Some coaches have built staircases for Frans Bosch drills, and I see a lot of boxes used for those exercises, but I am more of a fan of Cometti training with plyometrics and “stacked” boxes, if you will. If we are going to use stairs, I want them for general preparation training with extended step-ups or repeated jumping. Not every athlete needs to be Werner Gunthor, but the right set of jump stairs makes a big difference if you want to implement frog jumps. As brought up earlier in the kinetic section of the article, proper box stacking is necessary to encourage safe and effective jumping. Stadium steps are popular for jumping, but most are designed for walking up and not for jumping, so do your homework on them and never force training on a surface that isn’t proper for jump training.
A lot of jump and sprint coaches will be familiar with low boxes or polish boxes from Piasenta’s books or high jump training. Any athlete who is athletic and can perform bounding and hopping with great technique is a candidate for low box plyometrics, and this topic deserves an entire article series, not just a mention here. Still, it’s important to know that many popular exercises are popular for reasons outside of results, so if you are doing vertical jumps on a box, horizontal jump exercises may fit your needs better.
Popular Exercises and Training Design
Box jumps are basically straightforward, but some nuances are worth noting if you want to do them correctly. You can do them from a static or countermovement start, or use a walking approach or very short run-up. Take care not to land with more horizontal velocity than vertical speed, though; otherwise, it’s likely the box is too high or you are defeating the purpose of the exercise. The main goal with box jumps is to teach an athlete to project themselves up and use the height to motivate and unload, not to force an athlete to compromise safety. By following these guidelines, you should be ready to go with basic box jumps.
Video 4. A jump in place or with a direction helps to keep a simple exercise challenging. I find pre-jumps before medicine ball throws very useful and add them in when I can.
Continuous jumps up and down are not worth covering, and I definitely don’t endorse them. If circuit box jumps are done for athletes, I am fine, provided it’s a remedial exercise with bouncy foot play like skipping rope, but not done with higher boxes. The primary value I see with box jumps is that it is one jump at a time, if challenging enough. So, like squats, it’s better to focus on the quality of reps than use a stopwatch for junk reps. I prefer coach-guided intervals for super low box or platform hops, and prescribed reps with more sets are better than a high number of continuous contacts.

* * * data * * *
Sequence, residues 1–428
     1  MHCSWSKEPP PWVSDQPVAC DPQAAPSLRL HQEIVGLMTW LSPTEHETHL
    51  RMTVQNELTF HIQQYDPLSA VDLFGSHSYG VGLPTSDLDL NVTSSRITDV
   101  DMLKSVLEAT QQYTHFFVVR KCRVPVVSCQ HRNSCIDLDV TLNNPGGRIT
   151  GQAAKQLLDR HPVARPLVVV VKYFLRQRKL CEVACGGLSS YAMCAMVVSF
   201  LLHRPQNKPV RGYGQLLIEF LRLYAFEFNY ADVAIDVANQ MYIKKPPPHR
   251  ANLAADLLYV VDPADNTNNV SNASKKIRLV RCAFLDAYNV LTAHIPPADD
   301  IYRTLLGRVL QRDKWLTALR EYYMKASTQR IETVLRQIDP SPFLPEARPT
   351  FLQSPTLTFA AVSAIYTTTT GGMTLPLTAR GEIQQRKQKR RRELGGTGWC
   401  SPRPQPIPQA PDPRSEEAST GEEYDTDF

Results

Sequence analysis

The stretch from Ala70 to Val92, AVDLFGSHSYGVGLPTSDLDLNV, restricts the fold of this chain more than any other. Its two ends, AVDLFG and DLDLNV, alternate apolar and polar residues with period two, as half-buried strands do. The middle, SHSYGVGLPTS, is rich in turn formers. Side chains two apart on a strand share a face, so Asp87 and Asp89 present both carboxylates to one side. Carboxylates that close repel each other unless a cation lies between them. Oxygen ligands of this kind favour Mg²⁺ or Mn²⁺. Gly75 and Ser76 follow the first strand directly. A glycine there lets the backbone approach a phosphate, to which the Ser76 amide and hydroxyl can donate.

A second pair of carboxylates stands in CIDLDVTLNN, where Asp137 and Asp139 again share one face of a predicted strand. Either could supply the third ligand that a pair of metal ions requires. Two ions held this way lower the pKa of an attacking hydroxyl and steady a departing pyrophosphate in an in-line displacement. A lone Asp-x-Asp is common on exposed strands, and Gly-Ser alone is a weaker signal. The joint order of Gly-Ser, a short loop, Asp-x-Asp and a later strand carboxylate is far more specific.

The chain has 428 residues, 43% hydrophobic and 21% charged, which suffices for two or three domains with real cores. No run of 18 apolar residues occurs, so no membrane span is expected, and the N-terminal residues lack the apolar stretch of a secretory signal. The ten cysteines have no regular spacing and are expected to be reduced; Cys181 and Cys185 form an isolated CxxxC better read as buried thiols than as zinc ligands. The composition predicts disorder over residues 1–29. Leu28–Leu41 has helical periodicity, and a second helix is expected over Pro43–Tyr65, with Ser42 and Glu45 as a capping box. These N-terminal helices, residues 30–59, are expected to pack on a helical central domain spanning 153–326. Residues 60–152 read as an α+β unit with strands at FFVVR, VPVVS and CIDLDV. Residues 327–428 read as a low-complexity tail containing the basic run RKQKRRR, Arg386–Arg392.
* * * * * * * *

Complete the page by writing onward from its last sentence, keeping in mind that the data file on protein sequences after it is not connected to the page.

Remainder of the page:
Technically, most coaches think of box jumps as max effort or max height attempts, but most of the jumps should be lower heights and maximal efforts with slightly more volume. For some reason, a lot of coaches see a box and gravitate towards going all-out for a few reps instead of doing slightly more work with lower boxes. Quality does matter and stimulates adaptations, but box jumps are not flying sprints or single rep testing options.If you are doing vertical jumps on a box, horizontal jump exercises may fit your needs better, says @spikesonly. Click To Tweet
Common options with box jumps have been mentioned already, such as loaded box jumps and even repeated box jumps up. Ricochet jumps or false jumps are common, but I would rather use hurdle jumps first than add a very skilled exercise for team sport athletes. Advanced jumpers can use ricochet jumps with a qualified coach, but the goal of most box jump training is to dictate landing or add a change in take-off demand to the legs.
In my own program, box jumps are early teaching tools and secondary options during heavy training. I personally prefer most of the jumping to take place from a ground surface versus a box, but I am not a purist. Due to the lower demand eccentrically, athletes can do slightly more repetitions or contacts than most other plyometrics, but if an athlete is a little sore, keep the volumes the same or less.
Place Box Jumps Selectively and Carefully
Box jumps are part of a program, but should be only a small part, considering there are so many great options that can deliver excellent results. When adding box jumps, whether vertical or horizontal, consider the needs analysis and purpose behind it. Don’t be seduced into pursuing high heights like hurdle jumps, as it’s about producing better leg motions, not chasing visual feedback of achievement. It’s harder to program smart, because the rewards are not immediate, but over time results will come.#Boxjumps should be about producing better leg motions, not pursuing high heights like hurdle jumps, says @spikesonly. Click To Tweet
Boxes are not new, and athletes have been jumping off and up on boxes since well before there was electricity. I have used all sorts of boxes and workouts and am still learning, so don’t worry that you are missing out if a new exercise variation is promoted on social media.